However, the settled law relating to attestation still applies even in the absence of that guidance. Witnessing electronically should be effective where these requirements are met:
- the witness is physically present at the time the electronic deed is being electronically signed by the signatory (so teleconference tools won’t be acceptable for this purpose);
- the witness electronically signs the same document, not a copy (and can be certain of that fact); and
- the witness signs at the same time as the signatory.
This reflects the Law Society of New South Wales’s guidelines on electronic witnessing. The Law Society points out that the second requirement is the one where greatest caution is required, since many technologies – including cloud-based platforms – might create a separate (although identical) copy of the document for the witness to sign. That would fail the legal requirement that a witness sign the same document as the signatory.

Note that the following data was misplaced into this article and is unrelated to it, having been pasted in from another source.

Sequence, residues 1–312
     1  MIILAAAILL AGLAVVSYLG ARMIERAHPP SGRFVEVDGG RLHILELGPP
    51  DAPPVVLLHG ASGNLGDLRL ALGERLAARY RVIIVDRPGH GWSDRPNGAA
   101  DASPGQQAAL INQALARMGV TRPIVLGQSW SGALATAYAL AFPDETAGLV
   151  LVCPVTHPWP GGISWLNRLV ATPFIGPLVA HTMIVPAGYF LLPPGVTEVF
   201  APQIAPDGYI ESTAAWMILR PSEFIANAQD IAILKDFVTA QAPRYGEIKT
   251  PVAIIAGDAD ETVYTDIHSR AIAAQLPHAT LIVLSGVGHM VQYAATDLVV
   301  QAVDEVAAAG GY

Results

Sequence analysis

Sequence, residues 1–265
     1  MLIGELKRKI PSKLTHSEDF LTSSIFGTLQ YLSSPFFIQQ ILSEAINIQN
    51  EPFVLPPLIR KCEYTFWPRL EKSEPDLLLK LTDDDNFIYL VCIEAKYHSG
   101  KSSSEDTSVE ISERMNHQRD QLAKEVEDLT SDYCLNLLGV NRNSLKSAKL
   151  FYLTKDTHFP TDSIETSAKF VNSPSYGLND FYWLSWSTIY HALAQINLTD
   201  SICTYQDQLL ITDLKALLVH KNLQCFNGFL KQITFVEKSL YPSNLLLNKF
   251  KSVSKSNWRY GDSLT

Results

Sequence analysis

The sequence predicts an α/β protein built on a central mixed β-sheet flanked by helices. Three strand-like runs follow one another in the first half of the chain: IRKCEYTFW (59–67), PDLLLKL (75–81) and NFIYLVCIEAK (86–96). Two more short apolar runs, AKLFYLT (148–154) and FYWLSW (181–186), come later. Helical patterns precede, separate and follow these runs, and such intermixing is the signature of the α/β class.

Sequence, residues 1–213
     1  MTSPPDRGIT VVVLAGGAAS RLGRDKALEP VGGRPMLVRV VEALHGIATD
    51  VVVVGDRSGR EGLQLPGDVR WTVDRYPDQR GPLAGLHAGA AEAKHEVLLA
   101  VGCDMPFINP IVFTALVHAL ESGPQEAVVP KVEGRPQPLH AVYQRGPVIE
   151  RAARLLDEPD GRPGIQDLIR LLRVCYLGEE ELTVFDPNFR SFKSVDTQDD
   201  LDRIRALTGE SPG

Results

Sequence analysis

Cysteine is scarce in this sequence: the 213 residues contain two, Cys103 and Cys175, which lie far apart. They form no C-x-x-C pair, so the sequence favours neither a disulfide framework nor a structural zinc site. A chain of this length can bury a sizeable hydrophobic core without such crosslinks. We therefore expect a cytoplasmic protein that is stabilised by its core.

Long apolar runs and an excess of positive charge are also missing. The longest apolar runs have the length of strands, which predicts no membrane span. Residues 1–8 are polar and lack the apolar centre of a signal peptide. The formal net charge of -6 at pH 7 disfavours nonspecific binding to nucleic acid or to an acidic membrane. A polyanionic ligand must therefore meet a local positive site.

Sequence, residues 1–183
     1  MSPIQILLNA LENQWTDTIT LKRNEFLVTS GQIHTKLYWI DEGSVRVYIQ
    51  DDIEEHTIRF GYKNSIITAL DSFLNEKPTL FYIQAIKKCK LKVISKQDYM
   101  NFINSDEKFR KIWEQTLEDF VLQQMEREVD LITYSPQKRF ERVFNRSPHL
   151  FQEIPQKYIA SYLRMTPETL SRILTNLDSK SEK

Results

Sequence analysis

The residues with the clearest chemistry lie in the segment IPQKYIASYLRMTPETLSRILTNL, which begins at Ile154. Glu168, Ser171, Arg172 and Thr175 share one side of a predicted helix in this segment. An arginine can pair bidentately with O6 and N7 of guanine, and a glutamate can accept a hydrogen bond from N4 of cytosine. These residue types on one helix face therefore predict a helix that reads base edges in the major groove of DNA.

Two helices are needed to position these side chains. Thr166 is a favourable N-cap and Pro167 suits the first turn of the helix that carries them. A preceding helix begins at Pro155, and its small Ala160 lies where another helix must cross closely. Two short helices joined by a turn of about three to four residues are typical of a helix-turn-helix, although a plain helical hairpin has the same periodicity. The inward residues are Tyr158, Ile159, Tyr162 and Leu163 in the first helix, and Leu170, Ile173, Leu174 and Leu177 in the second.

In turn, that suggests the only way to validly execute an electronic deed is for both signatory and witness to be looking at, and signing, the same document on the same physical device at the same time – which presents one of the same logistical requirements as witnessing a paper document.
Despite the headway made by NSW’s legislative reforms, it seems the practices that have grown up around deeds on paper won’t fade away quite so soon. We haven’t yet seen a decision of a NSW court where the facts have lent themselves to a direct test of the new statutory reforms, although several cases have otherwise recently reaffirmed the existence of the “paper rule” at common law. However, now that the conveyancing industry has robustly adopted eConveyancing, we can expect further clarification – either in the form of additional regulation or judicial guidance – in the relatively near future.